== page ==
MGM Stock Drops, But Its Charts Stay Intact

by Serge Berger | November 5, 2013 9:09 am

Casino operator MGM Resorts International (MGM[1]) reported third-quarter earnings last Thursday, and despite a couple of beats, MGM stock fell a little more than 6% — the stock’s largest one-day fall in more than four months.

While revenues came in 9% higher at a better-than-expected $2.46 billion, MGM earnings came to a loss of 7 cents. However, adjusted earnings of 2 cents beat the consensus for a 3-cent loss. Meanwhile, revenue in its Las Vegas casinos rose 4.9% to $1.66 billion, while its Macau, China, operations saw a 20% increase in gambling revenue, showing that the company’s growth continues to come from Macao.

The major U.S. casino stocks tend to be great trading vehicles as they react well to technical analysis, but also offer longer-term investors a decent look into the economy’s general growth prospects. Consumers can’t spend in casinos unless they have discretionary funds available, thus strength in casino stocks at the margin reflects an improving economy and consumer confidence.

On the longer-term charts, MGM stock looks attractive on many fronts. While its dropoff during the financial crisis was severe, and clearly reflected economic weakness and crashing consumer confidence, its quick bounceback — followed by a multiyear sideways trot — also showed the sluggish economic recovery.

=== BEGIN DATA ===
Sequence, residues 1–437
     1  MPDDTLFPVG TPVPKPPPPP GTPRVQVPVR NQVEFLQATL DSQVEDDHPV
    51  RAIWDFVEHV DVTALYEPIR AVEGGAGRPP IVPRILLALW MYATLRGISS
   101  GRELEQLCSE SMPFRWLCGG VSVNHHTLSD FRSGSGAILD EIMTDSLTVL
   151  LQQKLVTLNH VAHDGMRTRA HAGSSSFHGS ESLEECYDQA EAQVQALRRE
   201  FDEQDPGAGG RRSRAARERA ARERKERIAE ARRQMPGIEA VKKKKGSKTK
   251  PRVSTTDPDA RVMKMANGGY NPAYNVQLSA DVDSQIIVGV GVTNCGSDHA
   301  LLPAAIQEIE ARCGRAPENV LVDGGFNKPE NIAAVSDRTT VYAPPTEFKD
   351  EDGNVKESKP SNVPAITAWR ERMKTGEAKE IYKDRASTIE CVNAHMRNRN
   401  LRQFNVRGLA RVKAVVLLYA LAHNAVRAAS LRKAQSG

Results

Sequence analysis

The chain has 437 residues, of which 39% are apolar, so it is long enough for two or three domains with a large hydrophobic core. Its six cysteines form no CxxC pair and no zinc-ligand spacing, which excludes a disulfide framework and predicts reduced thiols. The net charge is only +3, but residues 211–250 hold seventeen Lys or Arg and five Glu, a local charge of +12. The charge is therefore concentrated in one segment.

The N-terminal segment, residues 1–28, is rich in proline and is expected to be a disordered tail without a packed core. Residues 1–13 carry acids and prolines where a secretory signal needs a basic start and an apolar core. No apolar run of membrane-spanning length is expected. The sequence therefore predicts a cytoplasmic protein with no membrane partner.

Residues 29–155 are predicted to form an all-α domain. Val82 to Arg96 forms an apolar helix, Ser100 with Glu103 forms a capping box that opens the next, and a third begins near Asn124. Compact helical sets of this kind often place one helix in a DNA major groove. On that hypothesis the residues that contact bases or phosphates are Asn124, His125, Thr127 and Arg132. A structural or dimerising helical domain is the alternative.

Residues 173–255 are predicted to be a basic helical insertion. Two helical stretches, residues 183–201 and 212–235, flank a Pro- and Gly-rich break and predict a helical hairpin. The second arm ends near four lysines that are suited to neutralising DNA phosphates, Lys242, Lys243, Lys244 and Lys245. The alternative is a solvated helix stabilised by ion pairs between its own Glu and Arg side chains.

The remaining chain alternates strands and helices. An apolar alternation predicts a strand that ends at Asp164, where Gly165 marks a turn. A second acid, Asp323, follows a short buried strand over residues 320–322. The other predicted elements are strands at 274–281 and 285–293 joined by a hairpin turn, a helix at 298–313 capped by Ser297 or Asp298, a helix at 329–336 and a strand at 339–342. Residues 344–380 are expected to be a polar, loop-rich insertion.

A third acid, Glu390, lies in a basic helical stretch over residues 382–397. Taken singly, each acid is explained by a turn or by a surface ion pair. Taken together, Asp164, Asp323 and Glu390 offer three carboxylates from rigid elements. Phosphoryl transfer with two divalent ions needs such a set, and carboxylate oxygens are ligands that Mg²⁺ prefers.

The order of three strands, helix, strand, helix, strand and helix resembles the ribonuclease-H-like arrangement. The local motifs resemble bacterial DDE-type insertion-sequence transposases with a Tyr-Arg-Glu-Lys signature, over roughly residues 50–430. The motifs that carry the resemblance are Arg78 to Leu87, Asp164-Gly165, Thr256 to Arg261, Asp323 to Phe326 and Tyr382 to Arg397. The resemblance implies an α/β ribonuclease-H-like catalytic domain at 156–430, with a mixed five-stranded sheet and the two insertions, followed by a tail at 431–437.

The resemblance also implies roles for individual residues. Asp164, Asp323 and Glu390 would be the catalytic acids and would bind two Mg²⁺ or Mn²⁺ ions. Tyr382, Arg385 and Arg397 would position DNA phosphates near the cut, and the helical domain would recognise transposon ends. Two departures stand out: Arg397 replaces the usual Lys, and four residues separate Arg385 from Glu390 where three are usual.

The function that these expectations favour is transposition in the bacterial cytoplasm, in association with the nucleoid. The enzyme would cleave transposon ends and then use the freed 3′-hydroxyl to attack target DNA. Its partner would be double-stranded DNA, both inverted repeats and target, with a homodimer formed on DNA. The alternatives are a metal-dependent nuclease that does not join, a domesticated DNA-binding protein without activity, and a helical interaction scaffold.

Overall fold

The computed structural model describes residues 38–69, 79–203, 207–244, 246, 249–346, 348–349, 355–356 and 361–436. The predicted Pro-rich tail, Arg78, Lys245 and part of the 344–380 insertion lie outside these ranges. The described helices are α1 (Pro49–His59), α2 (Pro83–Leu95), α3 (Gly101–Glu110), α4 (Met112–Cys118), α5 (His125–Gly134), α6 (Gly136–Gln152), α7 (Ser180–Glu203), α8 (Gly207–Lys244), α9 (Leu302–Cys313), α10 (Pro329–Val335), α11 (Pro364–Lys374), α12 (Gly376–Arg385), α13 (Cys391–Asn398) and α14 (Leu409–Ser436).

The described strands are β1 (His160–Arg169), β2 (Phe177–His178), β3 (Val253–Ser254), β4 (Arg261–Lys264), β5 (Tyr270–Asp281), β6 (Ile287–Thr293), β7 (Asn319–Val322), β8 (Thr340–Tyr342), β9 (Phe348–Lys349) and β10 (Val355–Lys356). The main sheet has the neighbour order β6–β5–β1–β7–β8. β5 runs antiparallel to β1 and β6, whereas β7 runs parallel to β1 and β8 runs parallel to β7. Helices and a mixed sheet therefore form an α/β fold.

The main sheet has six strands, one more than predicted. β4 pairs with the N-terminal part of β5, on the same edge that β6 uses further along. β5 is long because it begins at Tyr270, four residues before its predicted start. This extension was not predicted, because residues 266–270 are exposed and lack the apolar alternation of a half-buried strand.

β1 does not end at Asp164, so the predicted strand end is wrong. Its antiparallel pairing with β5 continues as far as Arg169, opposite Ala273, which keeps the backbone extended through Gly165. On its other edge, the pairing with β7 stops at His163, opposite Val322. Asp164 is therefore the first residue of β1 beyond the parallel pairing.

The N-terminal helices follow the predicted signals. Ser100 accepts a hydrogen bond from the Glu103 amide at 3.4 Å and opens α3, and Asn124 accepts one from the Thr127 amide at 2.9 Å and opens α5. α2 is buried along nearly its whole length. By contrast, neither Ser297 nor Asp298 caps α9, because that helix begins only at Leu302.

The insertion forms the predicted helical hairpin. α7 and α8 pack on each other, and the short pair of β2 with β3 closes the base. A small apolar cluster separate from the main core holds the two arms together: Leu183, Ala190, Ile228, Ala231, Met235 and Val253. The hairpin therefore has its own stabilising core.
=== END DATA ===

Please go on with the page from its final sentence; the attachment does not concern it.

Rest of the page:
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However, as the economy earlier this year began to see a pickup in growth, so too did MGM stock begin to move higher. Eventually, in August, MGM broke past a crucial area around the $17 mark, which acted as resistance since 2009.

Over the course of the past few years, MGM had four failed tries at hurdling itself above the $17 level, but the fifth time in August proved to be a charm. From here, MGM stock could stage a classic retesting move toward the breakout area, but as a whole remains very constructively positioned on this long-term chart.

On the daily chart, with Thursday’s selloff, MGM broke below near-term horizontal support and sliced through its 50-day moving average, which hadn’t been broken through since June. More important support, however, comes in around the stock’s 100-day moving average, which also roughly coincides with a retest of the long-term (previous) resistance area.

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In summary, better support is 5% to 10% lower in the near-term, but MGM stock is well positioned to move higher in the medium- and longer-term.

Learn more about the strategies Serge Berger uses to create profits in the market every day. Download his trading plan in the “Essence of Swing Trading” eBook by clicking here[2]. At the time of publication, Berger had no positions in the securities mentioned.

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